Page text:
Mind you, this was not my only consistent exposure to the splendor of nature. My office was about two blocks from the Mississippi River, and a park at the north end of town featured the best place to gaze at the widest portion of the upper part of the river. I remember one ten-minute drive to the grocery store when I counted at least a dozen eagles soaring overhead. I like to think I took none of this for granted.

We live pretty close to Lake Michigan now, and that inspires its own kind of awe. The Des Plaines River, on the other hand, is not much to look at, unless it swells beyond its banks and enters the nearby grade school. But nowadays I have no reason to be outside in the middle of the night. In fact, I have some pretty good reasons to be inside at those hours, not the least of which being the skunk we apparently have on our property — or at least it was visiting last night when the milkman was supposed to be leaving a delivery.

If I want my boys to really see the stars and start to appreciate their splendor, chances are it’s going to have to be channeled through a Cub Scout camping trip. Hopefully I can supplement that lesson with some thoughts on our place in the universe, God’s role as creator and the importance of realizing that no matter how small we may seem in the scope of all creation, we still are intentionally made and capable of great things if we live in love.

Did I have such thoughts each morning in my driveway? Of course not. I Was on my way to work, after all, when I’d have much rather been asleep. And a lot of times it was pretty cold, or maybe I’d have to clear snow off the car or the driveway. But I’m willing to bet any person who believes God had a role in creating life has had at least one moment where an unobstructed view of a field of stars opened their minds to unabashed amazement at the beauty of it all. What a spectacular blessing.

A prayer for July 24:

Lord, thank you for the splendor of nature. There are so many reminders of the beauty of creation, each in its own way a testament to your power and majesty. Help me keep my eyes open to the beauty of this world, and help me to teach my children an appreciation of the blessing of life. May we never forget what a joy it is to be together on this planet. Amen.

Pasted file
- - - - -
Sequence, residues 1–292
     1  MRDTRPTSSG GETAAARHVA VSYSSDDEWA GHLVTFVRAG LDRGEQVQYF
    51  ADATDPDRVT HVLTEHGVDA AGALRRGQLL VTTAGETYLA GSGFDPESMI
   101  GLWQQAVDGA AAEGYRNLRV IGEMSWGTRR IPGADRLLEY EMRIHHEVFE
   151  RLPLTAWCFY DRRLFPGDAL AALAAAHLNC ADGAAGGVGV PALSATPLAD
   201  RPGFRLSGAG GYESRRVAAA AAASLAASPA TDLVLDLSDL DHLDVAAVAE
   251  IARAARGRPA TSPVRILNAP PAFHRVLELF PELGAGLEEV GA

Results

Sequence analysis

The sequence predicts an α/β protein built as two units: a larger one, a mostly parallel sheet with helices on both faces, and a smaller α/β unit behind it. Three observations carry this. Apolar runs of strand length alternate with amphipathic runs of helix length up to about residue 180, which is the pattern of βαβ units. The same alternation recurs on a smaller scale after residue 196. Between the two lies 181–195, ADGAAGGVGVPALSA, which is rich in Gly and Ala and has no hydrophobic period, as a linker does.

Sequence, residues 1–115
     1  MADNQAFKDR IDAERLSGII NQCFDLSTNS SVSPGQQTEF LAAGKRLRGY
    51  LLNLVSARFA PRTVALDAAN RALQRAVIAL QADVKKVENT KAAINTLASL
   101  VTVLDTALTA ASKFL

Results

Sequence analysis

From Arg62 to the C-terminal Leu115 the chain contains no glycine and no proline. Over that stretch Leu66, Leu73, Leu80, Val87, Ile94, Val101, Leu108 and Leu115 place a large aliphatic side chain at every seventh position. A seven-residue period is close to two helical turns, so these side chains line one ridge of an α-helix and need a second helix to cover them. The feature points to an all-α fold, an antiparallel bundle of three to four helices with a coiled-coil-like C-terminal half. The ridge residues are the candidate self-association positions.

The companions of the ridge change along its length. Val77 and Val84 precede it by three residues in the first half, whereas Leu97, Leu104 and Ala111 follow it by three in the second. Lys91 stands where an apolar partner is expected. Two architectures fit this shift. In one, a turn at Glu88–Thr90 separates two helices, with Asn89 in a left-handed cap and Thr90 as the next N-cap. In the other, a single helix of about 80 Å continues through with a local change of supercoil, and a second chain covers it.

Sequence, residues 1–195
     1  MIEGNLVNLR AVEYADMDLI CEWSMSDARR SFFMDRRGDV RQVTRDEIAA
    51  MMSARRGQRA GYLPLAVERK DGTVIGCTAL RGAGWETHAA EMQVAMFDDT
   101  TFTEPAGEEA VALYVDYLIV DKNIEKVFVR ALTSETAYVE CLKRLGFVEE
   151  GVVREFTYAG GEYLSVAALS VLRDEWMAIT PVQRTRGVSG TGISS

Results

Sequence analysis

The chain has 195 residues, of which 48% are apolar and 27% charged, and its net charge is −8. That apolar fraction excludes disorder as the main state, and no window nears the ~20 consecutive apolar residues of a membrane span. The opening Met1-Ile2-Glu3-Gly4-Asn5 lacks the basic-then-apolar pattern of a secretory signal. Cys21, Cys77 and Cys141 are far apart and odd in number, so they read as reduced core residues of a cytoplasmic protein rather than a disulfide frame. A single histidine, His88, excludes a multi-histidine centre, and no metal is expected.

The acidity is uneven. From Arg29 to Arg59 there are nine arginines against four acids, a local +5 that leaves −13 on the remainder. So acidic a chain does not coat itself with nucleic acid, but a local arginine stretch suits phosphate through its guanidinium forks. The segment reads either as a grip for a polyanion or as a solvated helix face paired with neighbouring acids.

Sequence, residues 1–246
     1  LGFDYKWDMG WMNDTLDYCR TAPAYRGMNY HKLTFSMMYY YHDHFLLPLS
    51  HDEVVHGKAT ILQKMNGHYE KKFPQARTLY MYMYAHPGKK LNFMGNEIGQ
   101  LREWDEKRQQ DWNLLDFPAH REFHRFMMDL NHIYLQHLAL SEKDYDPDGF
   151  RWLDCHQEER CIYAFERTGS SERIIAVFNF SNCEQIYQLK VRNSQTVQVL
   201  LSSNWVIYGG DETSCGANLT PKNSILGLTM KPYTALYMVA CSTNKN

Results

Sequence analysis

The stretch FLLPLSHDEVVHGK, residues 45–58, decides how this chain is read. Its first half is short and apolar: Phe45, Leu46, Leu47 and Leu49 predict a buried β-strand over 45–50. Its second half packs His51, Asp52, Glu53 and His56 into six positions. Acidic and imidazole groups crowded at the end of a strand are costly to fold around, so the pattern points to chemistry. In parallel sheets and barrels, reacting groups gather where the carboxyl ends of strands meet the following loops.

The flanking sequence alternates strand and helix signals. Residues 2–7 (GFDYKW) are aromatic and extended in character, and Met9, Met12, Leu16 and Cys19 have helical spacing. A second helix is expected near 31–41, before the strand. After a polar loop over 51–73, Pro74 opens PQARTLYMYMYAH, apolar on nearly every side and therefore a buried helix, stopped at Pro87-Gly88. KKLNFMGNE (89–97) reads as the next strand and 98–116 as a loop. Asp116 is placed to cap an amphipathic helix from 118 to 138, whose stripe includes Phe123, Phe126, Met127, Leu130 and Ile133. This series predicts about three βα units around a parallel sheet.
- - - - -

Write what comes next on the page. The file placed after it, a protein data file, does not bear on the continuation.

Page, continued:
Tuesday, July 23, 2013

A lesson taught, but not learned

Psalm 86:15 (NIV)

But you, Lord, are a compassionate and gracious God,
   slow to anger, abounding in love and faithfulness.
“These goals are important to me because I can readily recall the many times I’ve fallen short of their lofty standards. I am in need of constant reminders of what God expects — or demands — of me in this life.”

I wrote those words about 24 hours ago about Psalm 145:8-9 (“The Lord is gracious and compassionate, slow to anger and rich in love. The Lord is good to all; he has compassion on all he has made.”) and again tonight the same basic concept leaps off the screen and pokes me in the forehead. I said needed constant reminders, did I not?

Rather than rehash my thoughts on being slow to anger and abounding in love, I’m going to confess to being just as stubborn as my kids. There are plenty of deeper issues to get into, but I’m opting to stay on the surface here. My kids have a lot of simple behavior or habitual issues I simply cannot seem to correct. No one flushes the toilet. Everyone takes their food up to my room (where the TV and Wii are) and leaves dirty dishes. The door between the garage and kitchen is slammed at least 37 times each day. They put every part of their anatomy on the couch except their hindquarters. The list goes on.

Lest I be thought of as a finger-pointer, I have plenty of my own foibles. I wash, dry and fold laundry and somehow never manage to put it away exactly where it goes. I do the dishes yet leave the really icky ones for an extra day or two. I leave tiny scraps of paper everywhere and get frustrated when I can’t find a precise receipt from three weeks ago. I crack my knuckles obsessively. When I eat popcorn my hand serves the same purpose as a feedbag strapped to a horse’s face. Again, this is the surface stuff. Just like my kids, I have plenty of more personal issues I can’t seem to overcome despite repeated instruction to the contrary.

How, then, can I justify losing my patience with my children when I so desperately rely on God’s patience with me? I can’t, obviously, except to report (again) I’m not perfect and will never fully live up to God’s standard. But I must remind myself — daily, apparently — to take the blessings God gives me and give to my children as much as possible. I know I don’t deserve what God continues to give me, but I also believe my children deserve to have a dad who gives his complete and total best at all times. I can’t do it alone, but I know where to go for help.

A prayer for July 23:

Lord, I’m sorry. I’m sorry I’m so stubborn that I force you to keep confronting me with the same things over and over and over again. I’m also sorry I can’t recognize my own shortcomings and see how I am setting a bad example for my kids. I have no business trying to correct behavior in them that I won’t correct in myself. Please help me get myself in order so I can be better suited to guide them. They need me, and they need me at my best. Please help me get there. Amen.

Monday, July 22, 2013

I want to be like...

Psalm 145:8-9 (NIV)

The Lord is gracious and compassionate,
   slow to anger and rich in love.

The Lord is good to all;
   he has compassion on all he has made.